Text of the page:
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The Problem of Firearms at TSA Checkpoints

Posted on by Townsend Myers

tsa-logo copyOver the past few months I have been involved in litigation related to the possession of weapons or firearms at TSA airport screening checkpoints, and have received several phone calls regarding both criminal and civil penalties for knowingly, or more often accidentally, carrying a weapon or firearm through a TSA checkpoint.

As hard as it may be to believe, there are numbers of people who inadvertently carry weapons or firearm in their carry-on luggage. Most cases involve someone who forgot about a firearm or other contraband when they packed their bags, and placed it in the hands of a TSA agent for screening, discovering too late that the weapon was in the bag. What happens next depends on the severity of the situation and a number of other subjective factors.

Criminal Penalties for Violation of Federal and State Weapons Laws

Carrying a concealed weapon in an airport can be a crime under both Louisiana state law, as well as Federal Law. The Louisiana law prohibiting the possession of a concealed weapon is codified at La. R.S. 14:95, and prohibits the “intentional concealment of any firearm, or other instrumentality customarily used or intended for probable use as a dangerous weapon, on one’s person”. This is a misdemeanor offense in Louisiana, punishable by up to 6 months in the parish prison.

Federal law also makes it illegal to attempt to introduce a concealed weapon or firearm on to an aircraft. The law states that it is a crime for an individual who is on, or attempting to get on an aircraft to have on their person, or carry in such a way that it would be accessible to them a concealed dangerous weapon. Passing through a TSA security checkpoint with such a weapon in a carry-on bag certainly could be construed to be violative of this law. This is a very serious offense, carrying the possibility of up to 10 years in prison.

In the case of a state law violation, a person can be arrested or issued a summons to appear. In the case of a federal violation, the individual will certainly be arrested. In either case, an individual cited with a criminal violation of related to carrying a weapon or firearm through a TSA checkpoint should consult a criminal defense attorney. A criminal charge of carrying a concealed weapon or firearm requires that the person knew that he or she possessed the contraband. If the person did not know, then the person is not guilty of any criminal offense, and a good attorney can help present facts to support the lack of knowledge to a prosecutor and/or a judge, and help to have the criminal charges dismissed.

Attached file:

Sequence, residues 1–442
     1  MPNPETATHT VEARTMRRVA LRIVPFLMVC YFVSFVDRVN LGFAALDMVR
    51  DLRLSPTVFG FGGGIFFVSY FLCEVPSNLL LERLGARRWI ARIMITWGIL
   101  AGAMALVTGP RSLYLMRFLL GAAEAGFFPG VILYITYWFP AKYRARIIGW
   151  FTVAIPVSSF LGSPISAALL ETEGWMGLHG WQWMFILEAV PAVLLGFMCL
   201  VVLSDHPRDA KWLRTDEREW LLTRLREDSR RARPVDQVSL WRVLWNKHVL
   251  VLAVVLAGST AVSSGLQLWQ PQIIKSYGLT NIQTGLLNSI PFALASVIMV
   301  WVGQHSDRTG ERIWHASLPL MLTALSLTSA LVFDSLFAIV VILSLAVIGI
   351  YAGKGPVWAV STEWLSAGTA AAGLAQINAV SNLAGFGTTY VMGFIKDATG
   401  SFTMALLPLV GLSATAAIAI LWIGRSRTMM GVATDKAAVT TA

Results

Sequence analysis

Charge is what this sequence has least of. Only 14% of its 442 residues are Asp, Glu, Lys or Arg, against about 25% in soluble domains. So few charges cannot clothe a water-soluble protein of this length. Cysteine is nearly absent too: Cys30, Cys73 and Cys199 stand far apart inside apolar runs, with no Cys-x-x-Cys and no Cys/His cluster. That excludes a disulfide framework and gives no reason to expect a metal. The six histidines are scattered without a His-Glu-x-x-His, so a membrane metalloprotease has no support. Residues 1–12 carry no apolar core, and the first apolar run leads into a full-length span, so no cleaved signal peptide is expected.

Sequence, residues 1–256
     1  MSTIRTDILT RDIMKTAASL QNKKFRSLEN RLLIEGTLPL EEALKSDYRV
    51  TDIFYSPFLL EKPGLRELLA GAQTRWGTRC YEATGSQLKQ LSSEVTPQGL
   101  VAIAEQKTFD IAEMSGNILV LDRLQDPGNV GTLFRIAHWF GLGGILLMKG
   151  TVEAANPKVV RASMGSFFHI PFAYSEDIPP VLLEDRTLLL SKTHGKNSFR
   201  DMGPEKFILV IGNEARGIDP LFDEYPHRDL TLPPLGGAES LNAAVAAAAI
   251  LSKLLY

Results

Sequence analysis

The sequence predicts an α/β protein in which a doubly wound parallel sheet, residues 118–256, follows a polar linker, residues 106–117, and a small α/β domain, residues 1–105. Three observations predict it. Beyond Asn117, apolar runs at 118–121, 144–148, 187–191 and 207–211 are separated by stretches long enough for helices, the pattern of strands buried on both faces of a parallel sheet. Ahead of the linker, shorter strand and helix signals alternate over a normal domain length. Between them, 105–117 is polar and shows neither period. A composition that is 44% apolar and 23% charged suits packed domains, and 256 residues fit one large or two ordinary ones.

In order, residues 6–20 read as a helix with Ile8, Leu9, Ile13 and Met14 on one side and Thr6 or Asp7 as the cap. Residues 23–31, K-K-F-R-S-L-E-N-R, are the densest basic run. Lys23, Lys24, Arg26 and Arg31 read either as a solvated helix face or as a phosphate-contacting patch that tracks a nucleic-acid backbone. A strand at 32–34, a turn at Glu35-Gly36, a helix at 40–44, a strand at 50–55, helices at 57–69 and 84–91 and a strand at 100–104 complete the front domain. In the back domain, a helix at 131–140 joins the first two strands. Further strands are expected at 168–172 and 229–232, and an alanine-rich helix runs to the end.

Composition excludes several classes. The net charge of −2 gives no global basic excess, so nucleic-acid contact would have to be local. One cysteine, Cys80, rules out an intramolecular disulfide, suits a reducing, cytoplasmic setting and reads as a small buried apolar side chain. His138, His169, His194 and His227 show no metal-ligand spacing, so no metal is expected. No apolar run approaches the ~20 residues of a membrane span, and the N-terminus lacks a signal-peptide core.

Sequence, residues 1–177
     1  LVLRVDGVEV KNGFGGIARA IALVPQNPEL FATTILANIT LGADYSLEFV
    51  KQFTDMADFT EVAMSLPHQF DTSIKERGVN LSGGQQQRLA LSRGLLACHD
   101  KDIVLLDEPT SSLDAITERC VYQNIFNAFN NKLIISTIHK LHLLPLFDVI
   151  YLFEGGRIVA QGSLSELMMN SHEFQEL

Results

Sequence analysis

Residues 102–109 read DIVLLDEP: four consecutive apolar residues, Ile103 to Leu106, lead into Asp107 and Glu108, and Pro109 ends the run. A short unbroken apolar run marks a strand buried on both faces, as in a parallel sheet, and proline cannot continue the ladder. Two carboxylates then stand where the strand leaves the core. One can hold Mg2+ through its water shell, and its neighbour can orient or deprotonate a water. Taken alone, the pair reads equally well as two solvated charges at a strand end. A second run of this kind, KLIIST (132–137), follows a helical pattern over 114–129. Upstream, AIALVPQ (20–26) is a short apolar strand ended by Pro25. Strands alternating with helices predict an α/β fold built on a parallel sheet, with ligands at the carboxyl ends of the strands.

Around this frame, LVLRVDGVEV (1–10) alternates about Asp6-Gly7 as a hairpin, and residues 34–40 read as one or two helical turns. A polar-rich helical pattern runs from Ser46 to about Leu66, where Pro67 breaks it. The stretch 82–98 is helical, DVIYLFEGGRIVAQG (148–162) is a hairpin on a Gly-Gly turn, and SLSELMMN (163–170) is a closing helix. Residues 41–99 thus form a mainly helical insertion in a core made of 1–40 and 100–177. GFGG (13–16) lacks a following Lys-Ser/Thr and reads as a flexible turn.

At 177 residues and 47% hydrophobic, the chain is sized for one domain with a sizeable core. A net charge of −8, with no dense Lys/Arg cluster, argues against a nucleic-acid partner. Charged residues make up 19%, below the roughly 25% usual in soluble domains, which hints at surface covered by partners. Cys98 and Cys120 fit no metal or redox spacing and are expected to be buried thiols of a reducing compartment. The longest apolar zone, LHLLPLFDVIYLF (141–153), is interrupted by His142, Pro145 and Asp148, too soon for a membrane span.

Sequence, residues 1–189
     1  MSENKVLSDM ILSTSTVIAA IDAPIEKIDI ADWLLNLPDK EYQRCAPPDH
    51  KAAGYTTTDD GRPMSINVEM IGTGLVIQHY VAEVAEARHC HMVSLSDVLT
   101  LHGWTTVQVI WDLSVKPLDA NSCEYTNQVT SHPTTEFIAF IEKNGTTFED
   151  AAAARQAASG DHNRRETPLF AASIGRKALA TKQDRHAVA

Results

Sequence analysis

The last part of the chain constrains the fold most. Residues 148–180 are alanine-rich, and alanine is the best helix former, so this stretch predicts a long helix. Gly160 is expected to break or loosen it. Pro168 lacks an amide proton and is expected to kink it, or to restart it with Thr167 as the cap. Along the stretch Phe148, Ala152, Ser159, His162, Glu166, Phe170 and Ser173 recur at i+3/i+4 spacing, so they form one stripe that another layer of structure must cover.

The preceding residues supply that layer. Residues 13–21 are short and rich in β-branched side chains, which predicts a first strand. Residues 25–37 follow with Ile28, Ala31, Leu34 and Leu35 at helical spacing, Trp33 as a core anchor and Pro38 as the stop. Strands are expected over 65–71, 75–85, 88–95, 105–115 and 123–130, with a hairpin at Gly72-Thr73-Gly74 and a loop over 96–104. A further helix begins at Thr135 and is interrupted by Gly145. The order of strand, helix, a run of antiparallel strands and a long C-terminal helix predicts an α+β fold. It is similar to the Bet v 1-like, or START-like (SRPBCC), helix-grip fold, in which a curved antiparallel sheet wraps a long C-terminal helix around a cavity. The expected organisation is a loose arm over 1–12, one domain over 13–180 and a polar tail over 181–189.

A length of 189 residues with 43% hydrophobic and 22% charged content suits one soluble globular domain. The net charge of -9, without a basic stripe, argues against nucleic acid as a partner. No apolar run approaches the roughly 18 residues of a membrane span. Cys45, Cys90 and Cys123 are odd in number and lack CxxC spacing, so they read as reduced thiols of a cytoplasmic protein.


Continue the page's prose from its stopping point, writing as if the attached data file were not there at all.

Civil Penalties: TSA Notice of Violation and Civil Penalty Assessment Order

In addition to the potential criminal penalties for carrying a weapon or firearm through a checkpoint, the Transportation Security Administration has also started issuing notices of violation and civil penalty assessment orders for violations of Transportation Security Regulations in such cases. For cases involving bringing a gun through the security screening area, the applicable regulation is 49 C.F.R. Section 1540.111(a) of the TSR, which provides that an individual may not have a weapon, explosive or incendiary on or about the individual’s person or accessible property when performance has begun of the inspection of the individual’s person or accessible property before entering a sterile area, or before boarding an aircraft.